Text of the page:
When the world gets closer.

We help you see farther.

Sign up to our expressly international daily newsletter.

Police officers in Piura, Peru
Police officers in Piura, Peru

TRUJILLO — The mayor of the northwestern Peruvian city of Piura was shot dead last week by a masked hitman as he left a restaurant, making him the latest victim in a wave of violence directed at Peru's embattled local officials.

Lima-based daily El Comercio reports that the death of Piura Mayor Ronald Javier Navarro sparked a fresh outpouring of grief and fear among his colleagues nationwide, many of whom live at risk of extortion and kidnapping from organized crime. Nine mayors have been killed by criminal gangs within the last two years, according to the Peruvian Association of Municipalities (AMPE).

"We lament, reject, and condemn acts like these that the country mourns," said Óscar Benavides Majino, AMPE chief. "This assassination only confirms the danger that we live in, we feel afraid and helpless."

Peru's mayors are poorly paid, with those in remote areas receiving as little as 900 sols ($264) a month. The majority of those targeted for extortion are mayors far from the capital of Lima, in more isolated regions. Gangs dealing in illegal mining and drug trafficking, especially in the region surrounding the northwestern city of Trujillo, extort mayors for large sums of money and threaten to kill them or their family members.

Officials like Benavides are urging Peru's Congress to pass a bill, proposed by the mayors themselves, that would provide all district and provincial mayors with bodyguards. At least 70 mayors across the country have received death threats or have been targeted by gangs in 2016, up from 40 in 2015, according to El Comercio.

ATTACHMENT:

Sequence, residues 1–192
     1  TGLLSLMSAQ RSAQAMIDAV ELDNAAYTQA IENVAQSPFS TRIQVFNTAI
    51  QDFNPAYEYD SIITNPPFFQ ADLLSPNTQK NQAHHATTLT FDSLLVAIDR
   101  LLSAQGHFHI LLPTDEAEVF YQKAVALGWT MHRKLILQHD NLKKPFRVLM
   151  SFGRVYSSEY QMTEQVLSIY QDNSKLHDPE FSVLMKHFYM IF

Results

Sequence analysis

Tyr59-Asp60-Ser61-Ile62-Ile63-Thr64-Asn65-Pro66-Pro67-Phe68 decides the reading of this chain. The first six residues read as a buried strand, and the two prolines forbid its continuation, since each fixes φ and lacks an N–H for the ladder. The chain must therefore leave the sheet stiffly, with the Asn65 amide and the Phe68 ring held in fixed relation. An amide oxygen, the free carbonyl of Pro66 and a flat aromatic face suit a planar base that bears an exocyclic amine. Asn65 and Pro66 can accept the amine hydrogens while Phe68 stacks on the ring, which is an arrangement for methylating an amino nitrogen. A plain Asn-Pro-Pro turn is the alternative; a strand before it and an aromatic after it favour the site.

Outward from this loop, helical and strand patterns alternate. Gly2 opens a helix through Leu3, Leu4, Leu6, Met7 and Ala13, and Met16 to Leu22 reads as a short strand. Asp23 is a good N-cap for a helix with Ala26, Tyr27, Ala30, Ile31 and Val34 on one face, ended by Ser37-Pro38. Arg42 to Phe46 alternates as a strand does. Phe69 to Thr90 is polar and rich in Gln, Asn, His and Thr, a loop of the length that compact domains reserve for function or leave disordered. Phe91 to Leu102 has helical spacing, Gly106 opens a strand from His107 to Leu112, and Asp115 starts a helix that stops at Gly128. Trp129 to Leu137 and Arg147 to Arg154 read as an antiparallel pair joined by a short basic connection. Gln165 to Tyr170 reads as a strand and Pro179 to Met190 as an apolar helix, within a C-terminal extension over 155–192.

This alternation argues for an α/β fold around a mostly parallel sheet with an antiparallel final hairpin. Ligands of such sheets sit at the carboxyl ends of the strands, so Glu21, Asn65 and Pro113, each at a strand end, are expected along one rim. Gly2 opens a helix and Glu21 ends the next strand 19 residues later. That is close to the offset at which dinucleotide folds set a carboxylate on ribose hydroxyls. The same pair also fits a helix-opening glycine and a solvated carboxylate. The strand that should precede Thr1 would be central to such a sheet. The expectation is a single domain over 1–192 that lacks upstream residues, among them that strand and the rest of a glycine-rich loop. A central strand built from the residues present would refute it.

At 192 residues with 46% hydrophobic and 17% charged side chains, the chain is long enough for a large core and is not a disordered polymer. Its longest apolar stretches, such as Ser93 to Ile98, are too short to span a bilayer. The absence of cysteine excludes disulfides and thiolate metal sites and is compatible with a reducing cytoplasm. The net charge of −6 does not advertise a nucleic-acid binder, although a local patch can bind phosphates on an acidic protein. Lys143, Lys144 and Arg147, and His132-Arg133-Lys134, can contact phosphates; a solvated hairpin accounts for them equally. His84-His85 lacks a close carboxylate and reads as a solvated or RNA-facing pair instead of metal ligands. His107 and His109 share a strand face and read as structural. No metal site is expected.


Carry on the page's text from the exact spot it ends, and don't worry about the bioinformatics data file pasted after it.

You've reached your monthly limit of free articles.
To read the full article, please subscribe.
Get unlimited access. Support Worldcrunch's unique mission:
  • Exclusive coverage from the world's top sources, in English for the first time.
  • Insights from the widest range of perspectives, languages and countries
  • $2.90/month or $19.90/year. No hidden charges. Cancel anytime.
Already a subscriber? Log in

When the world gets closer, we help you see farther

Sign up to our expressly international daily newsletter!
Society

Colombia Celebrates Its Beloved Drug For The Ages, Coffee

This essential morning drink for millions worldwide was once considered an addictive menace, earning itself a ban on pain of death in the Islamic world.

Colombia's star product: coffee beans.

Julián López de Mesa Samudio

-Essay-

BOGOTÁ — October 1st is International Coffee Day. Recently it seems as if every day of the calendar year commemorates something — but for Colombia, coffee is indeed special.

For almost a century now we have largely tied our national destiny, culture and image abroad to this drink. Indeed it isn't just Colombia's star product, it became through the course of the 20th century the world's favorite beverage — and the most commonly used drug to boost work output.

Precisely for its stimulating qualities — and for being a mild drug — coffee was not always celebrated, and its history is peppered with the kinds of bans, restrictions and penalties imposed on the 'evil' drugs of today.

Keep reading...Show less

When the world gets closer, we help you see farther

Sign up to our expressly international daily newsletter!
You've reached your monthly limit of free articles.
To read the full article, please subscribe.
Get unlimited access. Support Worldcrunch's unique mission:
  • Exclusive coverage from the world's top sources, in English for the first time.
  • Insights from the widest range of perspectives, languages and countries
  • $2.90/month or $19.90/year. No hidden charges. Cancel anytime.
Already a subscriber? Log in
THE LATEST
FOCUS
TRENDING TOPICS

Central to the tragic absurdity of this war is the question of language. Vladimir Putin has repeated that protecting ethnic Russians and the Russian-speaking populations of Ukraine was a driving motivation for his invasion.

Yet one month on, a quick look at the map shows that many of the worst-hit cities are those where Russian is the predominant language: Kharkiv, Odesa, Kherson.

Watch VideoShow less
MOST READ